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Rare spate of solar storms

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posted on Jan, 21 2005 @ 07:22 AM
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Unusual sunspot activity has bombarded the SOHO spacecraft, causing them to go into "safe mode"

A large sunspot has been the site of several major eruptions in recent days, including one Thursday that was the largest of the series. Charged particles from the events have been hammering orbital spacecraft.

www.msnbc.msn.com...

The storms caused minor glitches on the sun-watching SOHO spacecraft and forced scientists to put two of its instruments into "safe mode," not unlike an electronic nap.

Sunspot eruptions seem to been happening more frequently and with more intense strength, I know it has effects on sunsets and and atmospheric conditions, but do they have the power to effect the weather on earth.




posted on Jan, 21 2005 @ 07:25 AM
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Actually, it's not that the number of solar storms is rare, because in 2003 we actually saw an extended period of a high frequency of solar flares. What's interesting is the colossal size of 720 and how large the belch was from it.



posted on Jan, 21 2005 @ 08:56 PM
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If the sun was about to go super nova, would they know?

Sometimes I worry that it's not to far off.



posted on Jan, 21 2005 @ 09:31 PM
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This site believes earth is a mirror image of the sun. The Suns solar flares are like our clouds/storms.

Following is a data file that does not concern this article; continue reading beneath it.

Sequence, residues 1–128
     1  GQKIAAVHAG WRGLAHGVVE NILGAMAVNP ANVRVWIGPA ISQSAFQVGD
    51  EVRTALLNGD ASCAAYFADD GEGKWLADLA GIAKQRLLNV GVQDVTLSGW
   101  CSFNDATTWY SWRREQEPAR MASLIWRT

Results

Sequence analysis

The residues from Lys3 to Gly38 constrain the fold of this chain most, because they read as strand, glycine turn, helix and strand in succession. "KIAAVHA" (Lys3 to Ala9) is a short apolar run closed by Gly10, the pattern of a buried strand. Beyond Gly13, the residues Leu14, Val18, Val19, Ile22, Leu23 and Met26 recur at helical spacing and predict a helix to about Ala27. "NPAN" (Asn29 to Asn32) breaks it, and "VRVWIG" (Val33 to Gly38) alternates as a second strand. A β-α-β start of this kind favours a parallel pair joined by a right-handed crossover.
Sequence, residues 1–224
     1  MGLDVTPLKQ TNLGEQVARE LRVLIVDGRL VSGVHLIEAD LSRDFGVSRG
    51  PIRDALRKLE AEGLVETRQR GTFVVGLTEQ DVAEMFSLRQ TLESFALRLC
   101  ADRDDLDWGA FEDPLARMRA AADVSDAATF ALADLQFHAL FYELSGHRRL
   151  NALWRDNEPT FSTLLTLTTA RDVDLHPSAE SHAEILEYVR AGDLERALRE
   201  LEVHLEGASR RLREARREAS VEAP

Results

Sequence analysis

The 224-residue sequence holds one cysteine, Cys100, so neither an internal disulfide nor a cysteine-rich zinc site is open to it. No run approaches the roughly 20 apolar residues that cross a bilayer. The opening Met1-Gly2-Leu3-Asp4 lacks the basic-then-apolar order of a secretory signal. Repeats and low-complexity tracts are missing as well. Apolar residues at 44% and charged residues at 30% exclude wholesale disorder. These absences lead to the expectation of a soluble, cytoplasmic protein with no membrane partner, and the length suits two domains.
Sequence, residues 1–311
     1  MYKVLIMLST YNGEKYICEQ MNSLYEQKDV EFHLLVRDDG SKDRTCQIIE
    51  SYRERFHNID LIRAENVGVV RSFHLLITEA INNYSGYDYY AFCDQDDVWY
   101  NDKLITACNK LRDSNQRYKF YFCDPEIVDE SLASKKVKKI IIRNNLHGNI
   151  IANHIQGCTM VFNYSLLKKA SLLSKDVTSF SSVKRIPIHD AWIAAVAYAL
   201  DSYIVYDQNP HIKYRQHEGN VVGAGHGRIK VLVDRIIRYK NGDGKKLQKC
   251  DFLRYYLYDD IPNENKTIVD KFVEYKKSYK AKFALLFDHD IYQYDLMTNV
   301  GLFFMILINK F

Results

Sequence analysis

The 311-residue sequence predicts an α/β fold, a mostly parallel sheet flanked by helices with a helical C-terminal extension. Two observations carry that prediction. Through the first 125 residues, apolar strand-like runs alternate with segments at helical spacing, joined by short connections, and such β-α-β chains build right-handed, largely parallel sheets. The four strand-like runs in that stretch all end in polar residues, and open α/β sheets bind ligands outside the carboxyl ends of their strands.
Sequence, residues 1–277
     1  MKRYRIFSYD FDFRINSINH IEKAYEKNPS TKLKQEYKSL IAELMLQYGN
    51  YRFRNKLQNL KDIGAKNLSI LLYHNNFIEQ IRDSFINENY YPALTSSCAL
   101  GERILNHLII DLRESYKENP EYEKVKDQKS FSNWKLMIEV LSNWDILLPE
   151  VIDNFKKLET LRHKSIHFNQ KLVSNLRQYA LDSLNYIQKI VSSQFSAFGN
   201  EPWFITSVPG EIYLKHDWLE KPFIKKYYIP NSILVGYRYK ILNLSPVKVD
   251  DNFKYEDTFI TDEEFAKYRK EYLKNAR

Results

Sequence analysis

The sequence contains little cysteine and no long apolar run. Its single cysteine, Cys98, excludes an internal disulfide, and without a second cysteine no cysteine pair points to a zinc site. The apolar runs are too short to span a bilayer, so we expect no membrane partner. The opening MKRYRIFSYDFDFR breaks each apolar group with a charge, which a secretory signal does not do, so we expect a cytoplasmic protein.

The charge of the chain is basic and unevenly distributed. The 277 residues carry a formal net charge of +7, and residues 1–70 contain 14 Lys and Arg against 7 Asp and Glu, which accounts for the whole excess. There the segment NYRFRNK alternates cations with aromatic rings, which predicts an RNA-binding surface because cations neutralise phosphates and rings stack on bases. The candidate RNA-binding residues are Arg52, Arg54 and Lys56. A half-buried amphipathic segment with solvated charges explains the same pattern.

www.allanstime.com...
These Sun / Earth images were captured within a few hours of each other. Do weather patterns on earth mirror sunspot activity on the Sun? You be the judge. Months ago while viewing these daily released satellite photos of the Earth and Sun I began to notice a striking similarity between the two. I decided to post a daily comparison for further study. Since then I have never ceased to be amazed at the results. There are days when there is little apparent similarity but over a period of time more often than not the similarities return with stunning accuracy.



posted on Jan, 22 2005 @ 07:35 PM
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I've been watching the SOHO site rather carefully lately, and it does seem like it is going through some exceptional convulsions lately

sohowww.nascom.nasa.gov...

click on the picture of the sun on the upper right hand corner for some super shots of the surface.
I swear the dark spot on the right side is vaguely reminiscent of the Star Trek symbol.

coincidence or is this a sign that we'd better get spaceward?



posted on Jan, 22 2005 @ 10:06 PM
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Originally posted by crisko
If the sun was about to go super nova, would they know?

Sometimes I worry that it's not to far off.


Well first off, the Sun will not EVER go supernova. So something you don't have to worry about. On top of that, the Sun will not begin the end of its life for another few billion years. For more information read Astronomy: Lives of Stars. It should help you get an idea of how stars, of any size, go about their lives.

Ycon, simply put: No.



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